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Re: Ptr proposal: looking for feedback

From: Jefferson Carpenter <jeffersoncarpenter2_at_[hidden]>
Date: Thu, 16 Jul 2020 22:32:05 +0000
On 7/16/2020 3:49 PM, Jason McKesson via Std-Proposals wrote:> The key
aspect of your proposal, from what I can tell, is that while
> multiple `ptr` instances can reference a pointer, only one of these
> objects *owns it*. So really, it's a copyable `unqiue_ptr`, where the
> copies don't own the pointer. That's what your abstract needs to
> communicate.

Thanks for all this feedback. I appreciate it.

> I also find the object to be lacking in useful features (to the extent
> that the `ptr` type is useful). For example, if you have an allocated
> object, you can't put it inside a `ptr` and have the `ptr` adopt
> ownership of it. Apparently, the only way to claim ownership of such
> an object is to use `make_ptr` to construct the pointer. That's not
> very usable.

I see what you mean. The key difference is that std::unique_ptr and
std::shared_ptr /always/ manage ownership (implicitly or by refcount).
On the other hand, ptr ought to be usable in cases where you want to
call functions whose argument type is ptr<T>, but you do not want the
ptr to take ownership. For instance, you might have a T* that you've
allocated separately and want to pass to a function taking a ptr. Or
you might happen to have a stack-allocated value that you want to pass.

Foo f;
func(ptr(&f)); // subject to change

The most natural thing for a ptr to do is to not have ownership.

> At the *very* least, `ptr<T>` should be constructible/assignable from
> an rvalue-reference to a `unique_ptr<T, std::default_deleter>`. This
> represents a transfer of ownership from the `unique_ptr` to the `ptr`.
> But even then, you should have some other constructors and functions
> that allow you to just take a `T*` that will be owned.

Definitely conversions with other smart pointer types were left out.
That ought to be incorporated.

> Now, we get to the question: is this a thing worth doing?
> I'm going to have to come down on a hard "no."
> You make reference to `shared_ptr`, but the whole point of a
> `shared_ptr` is that *ownership* is shared. It's not merely that you
> can reference a pointer from multiple locations in your code; it's
> that any code that has such a pointer maintains ownership of it.
> Dangling pointers to the object are impossible so long as all of your
> pointers are shared.
> Your `ptr` type is basically made for dangling pointers.

I disagree - it's no more dangerous than any other movable type. You
can inspect any function body and see if the usage is correct - if it's
correct locally in each place, then it's correct globally.

Also if some code that you call into would cause dangling pointers, you
can simply not std::move into it; ownership will never be transferred to
it, and you've patched over the problem.

> At a type level, I find `ptr` to be incoherent. Allow me to explain by analogy.
> `unique_ptr` as a type represents unique ownership of an object. If a
> function takes a `unique_ptr` by value or rvalue-reference, then you
> know that the function is adopting ownership of some resource. The API
> is clear.
> `shared_ptr` as a type represents shared ownership of an object. If a
> function takes a `shared_ptr` by value or rvalue-reference, then you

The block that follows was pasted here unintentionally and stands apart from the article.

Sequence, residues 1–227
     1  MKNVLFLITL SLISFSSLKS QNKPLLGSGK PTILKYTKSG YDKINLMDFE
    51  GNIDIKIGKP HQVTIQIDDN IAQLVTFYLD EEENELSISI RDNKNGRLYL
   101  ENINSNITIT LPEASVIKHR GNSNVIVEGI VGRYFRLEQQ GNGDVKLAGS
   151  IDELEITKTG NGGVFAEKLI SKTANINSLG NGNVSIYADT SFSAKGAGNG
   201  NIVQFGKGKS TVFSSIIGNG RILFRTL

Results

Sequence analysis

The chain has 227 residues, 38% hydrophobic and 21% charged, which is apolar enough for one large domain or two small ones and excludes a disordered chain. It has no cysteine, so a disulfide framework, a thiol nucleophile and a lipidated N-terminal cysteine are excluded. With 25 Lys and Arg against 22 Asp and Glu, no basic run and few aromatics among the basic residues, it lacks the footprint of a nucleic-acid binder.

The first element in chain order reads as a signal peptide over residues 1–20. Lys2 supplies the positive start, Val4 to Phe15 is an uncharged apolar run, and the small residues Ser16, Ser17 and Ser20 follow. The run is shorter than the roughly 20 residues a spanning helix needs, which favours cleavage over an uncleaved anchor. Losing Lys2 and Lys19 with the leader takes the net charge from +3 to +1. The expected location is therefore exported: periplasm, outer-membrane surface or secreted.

> know that the function is adopting ownership of some resource. The API
> is clear.
> What does it mean for a function to take one of these `ptr` types by
> value/rvalue-reference? Is the function adopting ownership of the
> resource or not? That all depends on the value it is given. That's a
> real problem for tracking down bugs surrounding dangling pointers. If
> all of the types are the same, but the *values* in those types mean
> different things, then it's hard to tell from *the type alone* who
> owns a thing and who does not.

`ptr` as a type represents context-dependent ownership of an object. If
a function takes a `ptr` by value or rvalue-reference, then the function
adopts ownership iff the caller had ownership.

> We already have a type that represents a potentially owning pointer in
> C++: a *pointer*. Whether it is owned or not by the code that uses it
> is based on following the chain of value assignments through various
> code.

A pointer doesn't automatically free its resource after its last usage.
This is just another model of tracking when it is safe to free an
object, and freeing it as soon as possible.

> The problem here is your single-type approach. If you want one object
> that represents unique ownership of a resource, that ownership should
> be codified by a type. And if you want that thing to be able to hand
> out non-owning reference objects, those non-owning objects should also
> be codified in their own types. So there should be two types.

Again, this is just a different model of ownership than either one you
mentioned. As I think I mentioned, this is context-dependent ownership
in which the "owner" is theoretically the lattice meet of the usages of
the object in the call graph.

> The thing is... we already have those two types: `unique_ptr<T>` and
> `T*`. If you absolutely must avoid naked pointers, the library
> fundamentals has a proposal for `observer_ptr<T>`, which is explicitly
> a non-owning "smart" pointer. It's not in the standard (yet?), but you
> can write one easily enough.
> So we don't really need such a type. Plus, `unique_ptr` is *much* more
> capable than your type as written.

unique_ptr definitely does different things, but what makes ptr more
capable is that it can free resources as early as possible (even several
calls deep) in functions that are called in several places in function
bodies. For unique_ptr to do that, functions have to be overloaded to
take both T& and std::unique_ptr<T>. (For r to be freed before h exits
for the last time, what would the function signatures be?)

Received on 2020-07-16 17:35:44